In a much longer article published in the October 2000 edition of Inside the Vatican, in which he detailed Pius XII's opposition to the Third Reich's pogroms against the Jews, Cavalli wrote:

Many Catholics have been puzzled by the fact that many of the same Jewish organizations that condemn Pius XII today once never passed up an opportunity to praise him. What could have caused the vast shift in Jewish attitudes toward the late Pope?

Some Catholic writers point to the influence of Rolf Hochhuth's 1963 play, The Deputy, which presented the Pope as a cold-blooded Nazi collaborator who did nothing as six million Jews went to their death. However, allegations that the Vatican collaborated with the Nazis did not begin with Hochhuth. While Pius XII was still alive, anti-Catholic authors like Avro Manhattan (The Vatican in World Politics, 1949) and Paul Blanshard (American Freedom and Catholic Power, 1949) condemned his actions during World War II. Although Manhattan and Blanshard found isolated audiences in some Protestant and fundamentalist Christian circles, many Jews continued to have a favorable impression of the wartime Pope.

Other cultural shifts in society ensured that Hochhuth's demonic portrait would become accepted as conventional wisdom. Shortly after Hochhuth's play made its appearance, the movement known as the New Left marched across college campuses. The New Left was more than a political movement; it was also a cultural movement whose members seized influential positions in the universities, the media and the entertainment industry. The Catholic Church strongly opposed the New Left's social agenda of legal abortion, contraception and sexual promiscuity. Activists needed a weapon to undermine the Catholic Church's moral authority and influence. "The silence of Pius XII" provided such a powerful weapon, and it was used at every possible opportunity. What right would a Church that failed to oppose the mass murder of Jews have to teach morality to anyone? A few years ago, the US Conference of Catholic Bishops criticized US Surgeon General Dr. Jocelyn Elders for her pro-abortion views. Dr. Elders responded by noting the Catholic Church's indifference toward both slavery and the Holocaust.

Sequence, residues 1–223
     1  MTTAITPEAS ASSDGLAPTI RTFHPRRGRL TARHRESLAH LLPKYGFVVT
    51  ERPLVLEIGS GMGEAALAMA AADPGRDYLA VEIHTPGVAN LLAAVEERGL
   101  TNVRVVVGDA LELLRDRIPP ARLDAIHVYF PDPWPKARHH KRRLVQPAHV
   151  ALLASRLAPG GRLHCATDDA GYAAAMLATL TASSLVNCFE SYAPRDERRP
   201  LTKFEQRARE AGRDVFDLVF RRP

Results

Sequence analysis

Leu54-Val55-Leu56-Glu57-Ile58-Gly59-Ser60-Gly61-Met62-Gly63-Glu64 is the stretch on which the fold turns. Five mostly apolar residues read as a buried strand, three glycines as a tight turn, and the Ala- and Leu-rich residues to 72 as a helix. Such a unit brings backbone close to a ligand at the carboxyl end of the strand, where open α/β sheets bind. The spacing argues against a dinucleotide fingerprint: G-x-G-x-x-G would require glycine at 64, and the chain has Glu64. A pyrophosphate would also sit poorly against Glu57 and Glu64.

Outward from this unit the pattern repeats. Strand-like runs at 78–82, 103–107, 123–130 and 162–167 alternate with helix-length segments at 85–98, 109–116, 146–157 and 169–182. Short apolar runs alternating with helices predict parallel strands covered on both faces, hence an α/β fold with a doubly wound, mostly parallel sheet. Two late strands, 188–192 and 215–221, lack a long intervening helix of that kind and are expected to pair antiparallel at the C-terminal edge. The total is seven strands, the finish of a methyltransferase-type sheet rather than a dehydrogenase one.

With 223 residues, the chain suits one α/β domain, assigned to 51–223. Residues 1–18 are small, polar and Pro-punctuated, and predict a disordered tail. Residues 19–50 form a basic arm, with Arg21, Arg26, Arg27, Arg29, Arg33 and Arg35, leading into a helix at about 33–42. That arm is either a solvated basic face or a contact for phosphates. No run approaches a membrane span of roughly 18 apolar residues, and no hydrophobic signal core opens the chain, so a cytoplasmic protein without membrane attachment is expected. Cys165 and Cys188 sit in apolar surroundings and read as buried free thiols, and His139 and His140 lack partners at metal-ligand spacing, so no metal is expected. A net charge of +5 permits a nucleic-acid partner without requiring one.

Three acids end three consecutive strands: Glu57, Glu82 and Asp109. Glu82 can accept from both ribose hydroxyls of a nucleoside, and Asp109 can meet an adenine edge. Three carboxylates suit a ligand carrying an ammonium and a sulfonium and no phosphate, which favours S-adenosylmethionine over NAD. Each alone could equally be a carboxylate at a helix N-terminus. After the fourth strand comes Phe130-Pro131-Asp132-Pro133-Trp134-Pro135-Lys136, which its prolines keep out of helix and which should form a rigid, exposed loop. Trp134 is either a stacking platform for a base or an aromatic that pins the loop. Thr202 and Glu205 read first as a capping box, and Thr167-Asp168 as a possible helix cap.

Which brings me back to the other remark by Rabbi Rosen: "It's unfair to expect Jews to be objective about that period of their history just as its unfair to expect Catholics to be objective about popes." If by that he means this is an emotionally charged topic, I understand and agree. But if he is insinuating it is not really possible to honestly assess the facts available to us, he is shortchanging both Jews and Catholics who are interested in the truth. It is, in fact, quite possible for Catholic to be objective about the actions of popes, who are not sinless, perfect, or flawless when it comes to governing. It is, however, rather difficult to be objective about what might have resulted if Pius XII had jumped in front of trains deporting Jews (the advice of Ed Bradley on "60 Minutes") or issued endless public statements. (Am I the only one who finds it hard to believe that the Catholic-hating Nazi leadership would change course because of papal announcements? After all, consider how Paul VI was attacked and denounced—by many Catholic priests, theologians, and lay people!—when he issued Humanae Vitae.)

What frustrates Catholics such as myself is that Pius XII is repeatedly condemned for "failing" to do what this or that critic thinks he could have and should have done while the same critics ignore the evidence for what he did do: quietly saved hundreds of thousands of Jewish lives. As Robert Lockwood remarked in an essay, "Pope Pius XII and the Holocaust":

Pulitzer Prize winning historian John Toland, no friend of Pius XII, summed it up: "The Church, under the Pope’s guidance…saved the lives of more Jews than all other churches, religious institutions and rescue organizations combined…The British and the Americans, despite lofty pronouncements, had not only avoided taking any meaningful action but gave sanctuary to few persecuted Jews."

"Lofty pronouncements" saved no lives during the horror of the Holocaust. Action did so. Pinchas Lapide, Israeli consul in Italy, estimated that the actions of Pius II saved over 800,000 Jewish lives during World War II. If that were an exaggeration by half, it would record more Jewish lives saved than by any other entity at the time.

One can only hope Cavalli is correct: "The campaign against Pope Pius XII is doomed to failure because his detractors cannot sustain their main charges against him - that he was silent, pro-Nazi, and did little or nothing to help the Jews - with evidence. Perhaps only in a backward world such as ours would the one man who did more than any other wartime leader to help Jews and other Nazi victims, receive the greatest condemnation."